The acoustical environment created by an HVAC system may or may not be a critical issue for tenant or building owner, but understanding the sound data published by manufacturers is necessary in order to make an appropriate diffuser selection. Since diffusers are the system components in closest proximity to the occupants, they must be selected properly in order to produce suitable room sound levels.
The first thing to understand is the meaning of the NC numbers that manufacturers publish. NC stands for noise criteria. This is a single number that assigns an overall room sound level based on relative loudness and the speech interference level of a given sound spectrum. NC charts plot sound frequency (Hz) versus sound pressure level (dB). Sound pressure is the sound level measured in a space after some amount of sound power
has been absorbed by the environment.
Here are some recommended sound levels for common applications as found in the ASHRAE Handbook of HVAC Applications:
- NC20 - Concert and Recital Halls
- NC25 – Places of Worship, Music Rooms
- NC30 - Conference Rooms/Hospital Patient Rooms/Hotel Rooms/Meeting Rooms/Courtrooms with Unamplified Speech/Classrooms
- NC35 - Operating Rooms/Courtrooms with Amplified Speech
- NC40 - Open Plan Offices/Lobby Areas
- NC45 - Gymnasiums
NC15 is generally accepted to be total silence or the threshold of hearing for healthy adults. You might wonder why some manufacturers publish sound levels less than NC15. The purpose of doing this is to allow multiple products that may be individually inaudible to be added together to predict a combined sound level.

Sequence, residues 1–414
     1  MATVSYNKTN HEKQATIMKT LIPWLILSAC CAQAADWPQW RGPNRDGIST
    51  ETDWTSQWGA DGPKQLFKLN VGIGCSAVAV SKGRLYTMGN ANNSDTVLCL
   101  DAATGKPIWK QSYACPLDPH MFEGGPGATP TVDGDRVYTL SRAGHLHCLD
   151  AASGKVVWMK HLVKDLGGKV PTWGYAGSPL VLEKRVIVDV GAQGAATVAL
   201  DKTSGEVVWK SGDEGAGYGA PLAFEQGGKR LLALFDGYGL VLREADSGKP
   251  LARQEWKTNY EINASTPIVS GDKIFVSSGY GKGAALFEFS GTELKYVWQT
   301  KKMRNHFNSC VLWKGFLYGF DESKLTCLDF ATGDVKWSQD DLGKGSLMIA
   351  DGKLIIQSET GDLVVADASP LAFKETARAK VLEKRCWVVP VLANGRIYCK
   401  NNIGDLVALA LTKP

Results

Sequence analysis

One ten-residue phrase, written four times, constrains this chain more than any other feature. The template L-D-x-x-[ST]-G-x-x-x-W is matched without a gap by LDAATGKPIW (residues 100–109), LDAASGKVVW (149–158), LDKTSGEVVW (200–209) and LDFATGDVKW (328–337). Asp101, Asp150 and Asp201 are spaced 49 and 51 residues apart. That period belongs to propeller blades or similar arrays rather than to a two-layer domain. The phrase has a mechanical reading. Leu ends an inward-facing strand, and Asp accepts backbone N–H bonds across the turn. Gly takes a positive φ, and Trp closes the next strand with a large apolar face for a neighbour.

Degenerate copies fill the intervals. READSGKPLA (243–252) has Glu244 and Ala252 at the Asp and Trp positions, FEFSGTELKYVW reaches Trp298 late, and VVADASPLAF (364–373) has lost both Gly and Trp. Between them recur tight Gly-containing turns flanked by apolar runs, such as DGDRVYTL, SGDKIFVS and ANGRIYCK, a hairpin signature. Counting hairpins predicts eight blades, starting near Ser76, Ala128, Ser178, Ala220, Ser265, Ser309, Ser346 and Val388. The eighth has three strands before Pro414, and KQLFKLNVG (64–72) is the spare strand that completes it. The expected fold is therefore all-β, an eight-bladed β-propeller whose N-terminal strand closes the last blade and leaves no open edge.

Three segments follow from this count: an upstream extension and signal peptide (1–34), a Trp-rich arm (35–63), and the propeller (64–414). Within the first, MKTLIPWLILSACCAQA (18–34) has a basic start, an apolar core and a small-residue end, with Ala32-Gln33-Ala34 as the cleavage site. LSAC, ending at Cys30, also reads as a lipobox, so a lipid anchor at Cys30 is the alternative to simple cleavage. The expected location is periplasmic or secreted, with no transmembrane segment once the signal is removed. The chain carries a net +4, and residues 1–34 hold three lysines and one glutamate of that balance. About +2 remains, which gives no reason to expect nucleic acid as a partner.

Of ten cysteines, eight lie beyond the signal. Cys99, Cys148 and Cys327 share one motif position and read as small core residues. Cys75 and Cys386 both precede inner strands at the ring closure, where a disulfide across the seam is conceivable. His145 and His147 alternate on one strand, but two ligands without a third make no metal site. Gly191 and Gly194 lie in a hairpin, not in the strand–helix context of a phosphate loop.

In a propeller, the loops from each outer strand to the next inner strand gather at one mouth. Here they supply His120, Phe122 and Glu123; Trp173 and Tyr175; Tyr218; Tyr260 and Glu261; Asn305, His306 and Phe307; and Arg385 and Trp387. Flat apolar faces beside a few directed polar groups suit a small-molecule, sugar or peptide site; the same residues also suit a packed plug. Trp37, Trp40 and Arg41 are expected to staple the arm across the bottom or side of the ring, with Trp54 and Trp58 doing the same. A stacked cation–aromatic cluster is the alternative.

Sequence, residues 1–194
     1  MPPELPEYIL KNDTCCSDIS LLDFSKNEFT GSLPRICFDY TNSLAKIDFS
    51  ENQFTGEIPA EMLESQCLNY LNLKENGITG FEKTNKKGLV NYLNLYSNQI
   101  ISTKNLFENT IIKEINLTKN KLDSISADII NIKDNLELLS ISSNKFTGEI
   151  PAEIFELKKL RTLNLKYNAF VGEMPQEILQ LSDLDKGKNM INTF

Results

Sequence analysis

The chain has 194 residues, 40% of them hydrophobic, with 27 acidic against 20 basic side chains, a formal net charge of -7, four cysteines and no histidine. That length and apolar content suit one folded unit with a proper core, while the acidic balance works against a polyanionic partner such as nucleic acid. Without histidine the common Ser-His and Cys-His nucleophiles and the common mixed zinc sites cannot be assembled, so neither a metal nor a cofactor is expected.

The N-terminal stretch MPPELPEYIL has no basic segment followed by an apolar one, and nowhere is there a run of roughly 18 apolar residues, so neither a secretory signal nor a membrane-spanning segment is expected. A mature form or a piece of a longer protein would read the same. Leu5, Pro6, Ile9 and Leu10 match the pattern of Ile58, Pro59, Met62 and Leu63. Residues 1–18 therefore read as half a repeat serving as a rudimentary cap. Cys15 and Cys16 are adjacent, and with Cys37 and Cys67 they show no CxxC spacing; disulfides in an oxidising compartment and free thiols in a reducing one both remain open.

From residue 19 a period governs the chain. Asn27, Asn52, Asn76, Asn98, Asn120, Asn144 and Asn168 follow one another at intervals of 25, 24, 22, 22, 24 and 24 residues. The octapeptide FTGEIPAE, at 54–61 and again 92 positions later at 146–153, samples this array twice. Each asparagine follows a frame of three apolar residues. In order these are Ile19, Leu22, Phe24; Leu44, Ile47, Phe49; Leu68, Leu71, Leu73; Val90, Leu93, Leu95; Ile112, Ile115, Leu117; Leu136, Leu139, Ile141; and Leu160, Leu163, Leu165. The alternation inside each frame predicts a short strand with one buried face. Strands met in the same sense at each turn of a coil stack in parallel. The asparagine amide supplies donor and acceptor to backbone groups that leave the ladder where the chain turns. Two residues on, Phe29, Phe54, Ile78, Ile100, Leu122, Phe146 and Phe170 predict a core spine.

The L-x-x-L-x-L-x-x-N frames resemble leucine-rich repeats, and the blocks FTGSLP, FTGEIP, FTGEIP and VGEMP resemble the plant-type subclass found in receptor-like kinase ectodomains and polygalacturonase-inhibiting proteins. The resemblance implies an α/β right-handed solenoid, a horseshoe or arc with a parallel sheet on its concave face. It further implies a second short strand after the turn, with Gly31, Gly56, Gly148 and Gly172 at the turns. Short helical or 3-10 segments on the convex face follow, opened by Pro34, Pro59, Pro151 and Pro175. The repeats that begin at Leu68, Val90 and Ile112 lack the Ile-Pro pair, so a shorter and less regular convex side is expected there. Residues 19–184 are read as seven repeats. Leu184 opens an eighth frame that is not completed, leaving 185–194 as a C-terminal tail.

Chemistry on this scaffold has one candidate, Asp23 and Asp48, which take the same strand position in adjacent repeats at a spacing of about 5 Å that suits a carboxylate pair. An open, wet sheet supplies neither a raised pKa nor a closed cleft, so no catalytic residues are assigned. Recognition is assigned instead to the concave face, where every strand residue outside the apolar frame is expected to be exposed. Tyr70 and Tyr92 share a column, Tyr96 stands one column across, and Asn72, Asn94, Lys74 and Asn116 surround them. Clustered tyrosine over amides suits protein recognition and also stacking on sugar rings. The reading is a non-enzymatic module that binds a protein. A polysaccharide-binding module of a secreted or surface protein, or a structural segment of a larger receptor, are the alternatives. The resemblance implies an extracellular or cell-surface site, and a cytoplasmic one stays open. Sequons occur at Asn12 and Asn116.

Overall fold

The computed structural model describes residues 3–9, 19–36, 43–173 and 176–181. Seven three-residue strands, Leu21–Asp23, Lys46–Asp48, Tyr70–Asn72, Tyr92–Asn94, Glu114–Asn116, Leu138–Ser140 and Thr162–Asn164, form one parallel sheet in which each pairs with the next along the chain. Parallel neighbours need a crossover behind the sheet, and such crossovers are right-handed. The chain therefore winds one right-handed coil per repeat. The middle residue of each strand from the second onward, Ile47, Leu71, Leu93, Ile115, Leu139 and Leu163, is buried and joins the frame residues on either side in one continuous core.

NC30 is typically the lowest sound level that can be achieved in most buildings without going to special lengths to sound proof the structure. NC30 is fairly easy to achieve in a suburban or rural setting, but much more difficult in an urban or industrial environment. Spaces requiring sound levels less than NC30 include broadcast and recording studios as well as opera and concert halls.
Although it’s been said that a noisy diffuser is good diffuser because you can hear it working, that’s not true. There are many issues that can cause diffuser noise to be audible including inlet conditions, neck-mounted dampers, and undersized or misapplied devices. Diffusers tend to make their highest sound levels in octave bands 4 (500 Hz), 5 (1000 Hz), and 6 (2000 Hz). These are known as the “speech interference bands” because they are the same frequencies we use when speaking. A noisy diffuser would therefore create a poor speaking environment and should be avoided.
The best way to avoid noisy diffusers is to select them for sound levels at least 10 NC points lower than the desired room sound level. This allows the diffusers to disappear into the background without contributing to the room sound level. As a general rule, diffusers should not be selected for sound levels greater than NC25 for any occupied spaces other than industrial applications.
For information on this topic/product, please contact Randy Zimmerman at firstname.lastname@example.org or Titus Communications at communications